Supply chain attacks
Supply chain risks are a growing threat, and a challenge to people in the cybersecurity world. Magowan shares how security professionals have dealt with these types of breaches and the differing objectives between business leaders and CISOs. He says “A lot of it is, supply chain risk is hugely growing in prominence and notice in recent times, largely in response to nation-state actors. The threat actors have gotten far more sophisticated. A lot of these people have nothing but time and energy and resources to sit around and think of new ways to improve. They have a lot more resources than we do, unfortunately.”
Magowan believes everyone in cybersecurity should understand what happened during the SolarWinds breach. “The-nation state actors were able to work their way into the code build chain of a prominent software that’s installed across thousands of companies. It’s a very sophisticated attack; they carefully managed to get their way in and embed back doors into the code, and then allow that company to distribute their back doors across the corporate world for them,” he illustrates. “One of the things that happened when the SolarWinds breach was announced was there was a massive drop in shareholder value. They lost a huge percentage of their market cap, and angry shareholders came back with a lawsuit; they’re suing the CISO of that organization, accusing him of putting business objectives ahead of security objectives. You always have to balance business outcomes against managing the risk and the threat to those business outcomes.”
Next, they discuss the conflicting agendas between CIOs and CISOs. Corporate America has not fully grasped the increasing cyberthreats, making it harder for CISOs to do their jobs.
CISOs have accepted high-risk positions, which is why they must learn how to communicate with CFOs with their interests in mind: money and business outcome. Magowan explains, “The problem is you look at a lot of CISOs, they report to CIOs across many companies. And I always say CIO and CISO are joined at the hip, but we have conflicting agendas. So when you meld those two worlds, what you’re getting is less security.”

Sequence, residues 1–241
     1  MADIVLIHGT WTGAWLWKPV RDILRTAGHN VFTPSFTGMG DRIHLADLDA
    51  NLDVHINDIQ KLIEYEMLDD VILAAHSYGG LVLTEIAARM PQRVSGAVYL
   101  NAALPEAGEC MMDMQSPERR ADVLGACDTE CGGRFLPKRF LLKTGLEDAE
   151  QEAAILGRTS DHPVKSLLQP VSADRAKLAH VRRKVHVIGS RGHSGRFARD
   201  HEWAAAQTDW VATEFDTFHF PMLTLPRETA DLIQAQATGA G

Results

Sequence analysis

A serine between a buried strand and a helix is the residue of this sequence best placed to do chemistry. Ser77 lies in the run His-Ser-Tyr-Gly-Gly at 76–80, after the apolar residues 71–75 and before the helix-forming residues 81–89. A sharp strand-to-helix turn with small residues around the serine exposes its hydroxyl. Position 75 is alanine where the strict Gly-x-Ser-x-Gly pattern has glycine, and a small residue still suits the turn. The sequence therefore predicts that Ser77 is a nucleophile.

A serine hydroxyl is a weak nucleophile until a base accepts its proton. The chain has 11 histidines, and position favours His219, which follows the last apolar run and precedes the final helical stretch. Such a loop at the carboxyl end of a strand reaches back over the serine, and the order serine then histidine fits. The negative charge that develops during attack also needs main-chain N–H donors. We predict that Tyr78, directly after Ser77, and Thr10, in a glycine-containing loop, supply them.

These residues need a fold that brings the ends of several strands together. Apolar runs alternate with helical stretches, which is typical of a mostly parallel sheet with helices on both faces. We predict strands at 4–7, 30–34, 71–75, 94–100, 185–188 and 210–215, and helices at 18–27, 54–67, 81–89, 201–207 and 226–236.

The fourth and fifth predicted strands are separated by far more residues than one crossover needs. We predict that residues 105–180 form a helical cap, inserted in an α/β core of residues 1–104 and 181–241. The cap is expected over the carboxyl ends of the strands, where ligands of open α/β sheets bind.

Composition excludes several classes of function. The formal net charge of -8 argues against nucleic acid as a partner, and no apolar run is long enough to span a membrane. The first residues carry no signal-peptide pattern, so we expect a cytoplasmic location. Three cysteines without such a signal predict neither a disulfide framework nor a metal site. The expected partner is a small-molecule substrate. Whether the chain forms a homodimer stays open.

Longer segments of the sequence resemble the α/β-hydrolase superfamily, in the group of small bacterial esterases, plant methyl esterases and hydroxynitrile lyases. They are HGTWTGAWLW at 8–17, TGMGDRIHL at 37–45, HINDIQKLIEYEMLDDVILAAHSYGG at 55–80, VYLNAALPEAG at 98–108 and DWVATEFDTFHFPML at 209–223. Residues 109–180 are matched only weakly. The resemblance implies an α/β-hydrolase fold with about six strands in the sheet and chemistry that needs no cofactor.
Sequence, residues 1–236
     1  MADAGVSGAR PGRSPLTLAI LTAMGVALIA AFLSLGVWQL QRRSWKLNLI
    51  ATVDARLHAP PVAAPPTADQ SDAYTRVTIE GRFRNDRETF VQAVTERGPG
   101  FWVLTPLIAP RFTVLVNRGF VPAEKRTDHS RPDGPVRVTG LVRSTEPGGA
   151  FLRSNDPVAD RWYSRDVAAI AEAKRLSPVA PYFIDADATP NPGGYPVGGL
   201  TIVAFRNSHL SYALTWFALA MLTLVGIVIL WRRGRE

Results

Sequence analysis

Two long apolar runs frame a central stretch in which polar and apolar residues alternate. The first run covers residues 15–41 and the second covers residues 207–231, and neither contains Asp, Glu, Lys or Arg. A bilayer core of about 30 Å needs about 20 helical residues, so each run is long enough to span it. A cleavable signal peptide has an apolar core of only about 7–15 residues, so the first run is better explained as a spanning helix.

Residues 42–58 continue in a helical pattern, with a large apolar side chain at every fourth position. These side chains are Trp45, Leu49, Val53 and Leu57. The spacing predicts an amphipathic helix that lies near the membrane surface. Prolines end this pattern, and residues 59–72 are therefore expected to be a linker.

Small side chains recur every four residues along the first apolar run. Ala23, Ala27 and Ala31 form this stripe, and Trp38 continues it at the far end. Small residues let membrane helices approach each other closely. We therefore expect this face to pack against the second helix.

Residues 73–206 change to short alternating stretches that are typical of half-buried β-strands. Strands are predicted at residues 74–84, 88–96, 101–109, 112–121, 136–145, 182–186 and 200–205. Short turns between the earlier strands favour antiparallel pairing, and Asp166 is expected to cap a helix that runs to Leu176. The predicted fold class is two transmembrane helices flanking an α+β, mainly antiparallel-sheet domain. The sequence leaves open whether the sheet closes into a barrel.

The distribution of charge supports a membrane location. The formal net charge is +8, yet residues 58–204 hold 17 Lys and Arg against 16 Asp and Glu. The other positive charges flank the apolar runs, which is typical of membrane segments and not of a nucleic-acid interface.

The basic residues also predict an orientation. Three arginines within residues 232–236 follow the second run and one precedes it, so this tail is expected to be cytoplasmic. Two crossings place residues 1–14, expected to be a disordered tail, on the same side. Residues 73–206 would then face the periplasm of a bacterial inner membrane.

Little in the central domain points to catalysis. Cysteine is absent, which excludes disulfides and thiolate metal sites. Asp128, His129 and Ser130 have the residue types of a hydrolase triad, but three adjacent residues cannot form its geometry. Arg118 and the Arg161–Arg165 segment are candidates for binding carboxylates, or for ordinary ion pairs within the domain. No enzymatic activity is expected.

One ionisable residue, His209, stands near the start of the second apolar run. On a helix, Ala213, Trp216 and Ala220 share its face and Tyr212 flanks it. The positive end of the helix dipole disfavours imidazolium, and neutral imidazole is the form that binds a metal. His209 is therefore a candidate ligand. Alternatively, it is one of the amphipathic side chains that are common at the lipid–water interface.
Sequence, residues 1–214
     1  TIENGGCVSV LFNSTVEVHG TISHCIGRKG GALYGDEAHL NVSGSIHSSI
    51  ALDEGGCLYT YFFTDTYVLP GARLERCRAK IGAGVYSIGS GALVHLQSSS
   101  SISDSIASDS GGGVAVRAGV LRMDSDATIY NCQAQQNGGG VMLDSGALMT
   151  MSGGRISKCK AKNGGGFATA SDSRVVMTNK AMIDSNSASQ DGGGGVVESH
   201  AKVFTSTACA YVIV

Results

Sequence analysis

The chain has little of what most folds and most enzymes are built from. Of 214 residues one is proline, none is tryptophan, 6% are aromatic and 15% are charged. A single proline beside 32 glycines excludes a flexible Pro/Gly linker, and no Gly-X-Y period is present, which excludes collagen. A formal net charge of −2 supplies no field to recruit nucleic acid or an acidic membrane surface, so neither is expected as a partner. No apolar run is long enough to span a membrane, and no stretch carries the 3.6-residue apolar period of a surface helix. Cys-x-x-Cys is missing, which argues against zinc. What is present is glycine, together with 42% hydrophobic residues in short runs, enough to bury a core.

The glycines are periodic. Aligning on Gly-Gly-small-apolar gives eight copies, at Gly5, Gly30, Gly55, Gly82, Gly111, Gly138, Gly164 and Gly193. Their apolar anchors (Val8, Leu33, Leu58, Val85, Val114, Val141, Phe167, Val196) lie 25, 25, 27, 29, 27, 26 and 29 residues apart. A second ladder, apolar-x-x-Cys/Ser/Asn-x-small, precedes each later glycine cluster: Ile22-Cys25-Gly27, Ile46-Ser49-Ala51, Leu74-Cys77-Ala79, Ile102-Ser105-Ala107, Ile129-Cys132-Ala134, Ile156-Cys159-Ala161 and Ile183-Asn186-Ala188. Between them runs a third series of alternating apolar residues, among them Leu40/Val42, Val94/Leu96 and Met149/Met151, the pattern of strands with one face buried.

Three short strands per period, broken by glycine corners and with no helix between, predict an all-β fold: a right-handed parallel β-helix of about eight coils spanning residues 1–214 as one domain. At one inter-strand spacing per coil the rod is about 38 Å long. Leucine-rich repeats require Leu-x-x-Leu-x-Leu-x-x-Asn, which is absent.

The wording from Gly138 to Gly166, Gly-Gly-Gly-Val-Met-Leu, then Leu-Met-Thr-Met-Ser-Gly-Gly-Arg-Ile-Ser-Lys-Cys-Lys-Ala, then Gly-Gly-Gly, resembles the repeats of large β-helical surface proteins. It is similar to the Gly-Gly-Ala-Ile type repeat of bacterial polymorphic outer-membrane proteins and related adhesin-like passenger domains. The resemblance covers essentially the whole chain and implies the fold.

How to get the funding you need as a CISO
Magowan discusses how it can often be difficult for CISOs to get the funding that they need. He describes, “You can’t speak in security terms. You can’t talk about risk to them unless you convert it to dollars and cents and business impact, such as, what business are they going to lose? How much money do they stand to lose? What is the probability that they’re going to lose $5 million over the next five-year period, and you want to spend $50,000 to mitigate that — that they can compute? That’s where a lot of security leaders fall short. They start talking about, ‘This could happen. These bad guys could break in and then they’ll get this record,’ and they don’t realize that the CEO or the CFO is saying, ‘So what? Why do I care? What does that matter?’ Well, you have to translate that to, ‘If we lose this, we’re going to lose X number of dollars or so much business.’”
Advice for the new CISO
To Magowan, a CISO is someone who is an enabler versus a barrier. A CISO’s job is to protect the company against risk and allow the business to succeed. He describes who a CISO is, stating, “You need to be business-aware. You need to be able to communicate with the business and get the business’s attention. The CEO needs to understand why what you’re talking about matters. My job is to protect the company against risk, protect the company’s assets and the company’s interest, and keep us out of the news, but ultimately it’s to be a business enabler. If you want people to follow security, make it easier and people will do it. That’s all about enabling business outcomes.”